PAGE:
Joyce Carpati knew as soon as it happened that this was no ordinary fall. Of course, she is no ordinary 85-year-old, either: Beauty maven, fashionista, singer, longtime staffer at Cosmopolitan magazine and friend of Helen Gurley Brown, Joyce had never slowed down as the years piled up. She’d never let a fall stop her, either. As she puts it, “as a kid falling off a bike or even as an adult tripping and falling – I’m always running somewhere! – I would always just pick myself up. But this time I couldn’t move.” A spiral staircase in her home, stairs she’d gone up and down countless times, had done her in.
“For some reason this time my foot got stuck in the railing and I just flopped!” she exclaims. “I tried to hold onto the bannister, but I just wasn’t strong enough and I knew I was going down. I couldn’t get up, I couldn’t move, and I said, well, you did something, girl.”
Joyce was lucky that there was someone else home to call for an ambulance, and counts herself even luckier that she was whisked off to NewYork-Presbyterian/Weill Cornell Medical Center, which is a Level 1 Trauma Center equipped to handle emergencies like hers. The initial x-ray showed a serious fracture high on her spine, where the vertebrae are connected to the skull. Joyce had broken her neck.
“I wasn’t in pain, and I knew what was going on,” she remembers, “but I was just lying there thinking well, my life is taking another turn.” That was when she met Dr. Michael Virk, the neurosurgeon and spine specialist who was called in to see her.
“We were immediately concerned by the fracture morphology,” says Dr. Virk. “It was a Type III fracture extending through the transverse foramen and pars, meaning it affected an important region responsible for head and neck movement. Additionally, the fracture put 2 of the 4 arteries supplying her brain at risk. After careful consideration, we opted for conservative management in a rigid collar to promote healing without surgery."
That was good news, since at 85, and with some osteoporosis weakening her bones, Joyce was not a great candidate for surgery. (Older women are often poor candidates for spine surgery, since the screws that hold vertebrae together can’t get a good grip into their soft, demineralized bones.) “We recommended she wear a neck collar for a few weeks, with close follow-up, while we gave the fracture time to heal on its own.”
Unfortunately, a follow-up x-ray a month after the fall showed that the fracture was worsening. The fracture was more displaced and Joyce had a lot of pain at the back of her head and neck, where the misaligned bones were compressing her C2 nerve root. In addition to her pain, Joyce was at increasing risk for paralysis from the fracture and was facing a lifetime of wearing a cervical collar to protect her fragile neck. Despite Joyce’s age and osteoporosis, Dr. Virk now recommended surgery to repair the break – and Joyce agreed.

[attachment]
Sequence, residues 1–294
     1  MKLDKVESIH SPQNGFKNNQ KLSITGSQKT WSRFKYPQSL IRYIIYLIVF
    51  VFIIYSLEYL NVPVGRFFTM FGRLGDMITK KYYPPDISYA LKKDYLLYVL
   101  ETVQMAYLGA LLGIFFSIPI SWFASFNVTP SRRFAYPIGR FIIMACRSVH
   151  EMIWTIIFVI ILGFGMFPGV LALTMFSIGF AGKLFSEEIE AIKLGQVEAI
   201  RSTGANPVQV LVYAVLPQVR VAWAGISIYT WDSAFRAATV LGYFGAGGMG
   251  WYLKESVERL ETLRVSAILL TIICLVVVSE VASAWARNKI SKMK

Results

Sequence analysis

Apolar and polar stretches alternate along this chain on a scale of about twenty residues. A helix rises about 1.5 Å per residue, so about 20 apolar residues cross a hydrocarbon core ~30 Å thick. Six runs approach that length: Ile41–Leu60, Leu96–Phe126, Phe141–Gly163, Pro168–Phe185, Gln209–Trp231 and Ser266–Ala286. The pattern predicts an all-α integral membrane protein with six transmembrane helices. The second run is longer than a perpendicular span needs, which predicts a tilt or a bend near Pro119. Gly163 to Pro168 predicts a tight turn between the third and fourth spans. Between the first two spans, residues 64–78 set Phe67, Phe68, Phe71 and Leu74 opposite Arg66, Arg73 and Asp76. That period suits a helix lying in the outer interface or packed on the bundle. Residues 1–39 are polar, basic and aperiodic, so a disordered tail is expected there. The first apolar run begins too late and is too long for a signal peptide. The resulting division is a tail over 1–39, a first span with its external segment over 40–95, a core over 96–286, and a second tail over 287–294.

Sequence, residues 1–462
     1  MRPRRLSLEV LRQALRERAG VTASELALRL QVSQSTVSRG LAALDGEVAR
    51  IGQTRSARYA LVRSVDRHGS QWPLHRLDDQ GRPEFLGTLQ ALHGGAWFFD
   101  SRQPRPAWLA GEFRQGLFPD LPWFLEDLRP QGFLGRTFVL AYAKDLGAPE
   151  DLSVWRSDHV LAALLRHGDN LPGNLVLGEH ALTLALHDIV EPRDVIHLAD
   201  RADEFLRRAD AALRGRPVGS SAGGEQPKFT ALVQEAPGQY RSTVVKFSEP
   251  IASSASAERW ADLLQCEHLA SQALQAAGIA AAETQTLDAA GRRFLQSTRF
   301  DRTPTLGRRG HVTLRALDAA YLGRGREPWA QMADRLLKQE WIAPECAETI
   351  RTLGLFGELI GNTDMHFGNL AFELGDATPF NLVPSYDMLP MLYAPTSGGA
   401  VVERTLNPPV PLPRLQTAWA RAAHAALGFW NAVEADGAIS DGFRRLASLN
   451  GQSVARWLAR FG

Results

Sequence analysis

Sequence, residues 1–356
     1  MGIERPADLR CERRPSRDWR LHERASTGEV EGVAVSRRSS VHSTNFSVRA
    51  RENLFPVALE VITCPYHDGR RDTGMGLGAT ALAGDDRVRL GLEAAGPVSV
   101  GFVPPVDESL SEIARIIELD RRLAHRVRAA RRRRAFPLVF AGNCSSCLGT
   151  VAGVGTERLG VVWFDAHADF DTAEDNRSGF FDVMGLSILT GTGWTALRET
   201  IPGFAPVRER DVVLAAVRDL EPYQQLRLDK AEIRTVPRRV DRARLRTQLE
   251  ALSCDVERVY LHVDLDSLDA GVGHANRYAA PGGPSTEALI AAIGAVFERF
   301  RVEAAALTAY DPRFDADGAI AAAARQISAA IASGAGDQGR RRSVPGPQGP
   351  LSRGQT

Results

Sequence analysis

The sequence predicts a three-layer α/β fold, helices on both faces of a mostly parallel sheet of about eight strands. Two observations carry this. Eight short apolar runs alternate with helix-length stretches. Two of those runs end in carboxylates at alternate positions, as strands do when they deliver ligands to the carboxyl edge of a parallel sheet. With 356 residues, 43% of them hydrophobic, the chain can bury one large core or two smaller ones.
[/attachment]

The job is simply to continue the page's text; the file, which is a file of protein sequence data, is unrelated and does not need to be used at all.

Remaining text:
“I hadn’t wanted an operation when I first fell,” she says. “It was just too much at my age, I didn’t want it.” But the thought of spending the rest of life debilitated, in pain, and afraid of imminent paralysis, was not going to fly with someone as active as Joyce. Less than 48 hours after that x-ray, Joyce was being prepped for surgery.
Since prolonged time under anesthesia can be especially risky in older patients, Dr. Virk brought in fellow neurosurgeon Dr. Kai-Ming Fu to operate with him, reducing the length of the surgery. Together they performed an occipital cervical fusion, in which the first vertebra is permanently attached to the base of the skull, stabilizing the neck and reducing movement that could have caused paralysis. After just three hours of surgery, Joyce’s neck was repaired. Plastic surgeon Dr. Jason Specter came in to create a durable muscle flap over the hardware and to close up the incision. When Joyce awoke, the pain was gone.
Recovery from surgery is not especially easy for anyone in their 80s, but Joyce was determined to do whatever was needed to reclaim her active life. “It took a few months,” she recalls now. “I couldn’t do anything. I was stuck in a chair, and every time I went in for physical therapy everyone looked at me with such pity. I was so sad — it just wasn’t me. But I wanted to get better, so I decided I had to stop feeling sorry for myself.”
Within six months Joyce was back in business. At the advice of her doctors, she now uses a cane to help her balance when she’s outdoors (“I use it because for once in my life I’m listening!” she exclaims.) Indoors, she practices walking without the cane, swinging her arms for natural balance as her rehabilitation team recommended. She goes to the gym every day, and marvels at how much she enjoys her daily life. “This past weekend I got myself a cab and went over to Twelfth Avenue to the Landmark Theater to meet a friend and see a movie – and not a very good one, either,” she reports. “And afterward I took a cab home by myself!” These everyday activities – movies with a friend, time with her son and granddaughter — make Joyce glad she opted for surgery at an age when some others may have given up.
“I’m alive and kicking!” she now says proudly. “People ask if I’m okay – I’m more than okay. I’m lucky to be here.”
Joyce credits the hospital team that cared for her and encouraged her through months of recovery and physical therapy – every one of them warm and helpful, she says. Mostly, though, she is thankful for Dr. Virk for the excellent surgical outcome as well as for the level of personal attention she felt under his care.
“He is very kind, very wonderful, he’s just a fine person,” Joyce says. Coming from someone who has spent her entire life at the height of finery, that’s high praise indeed.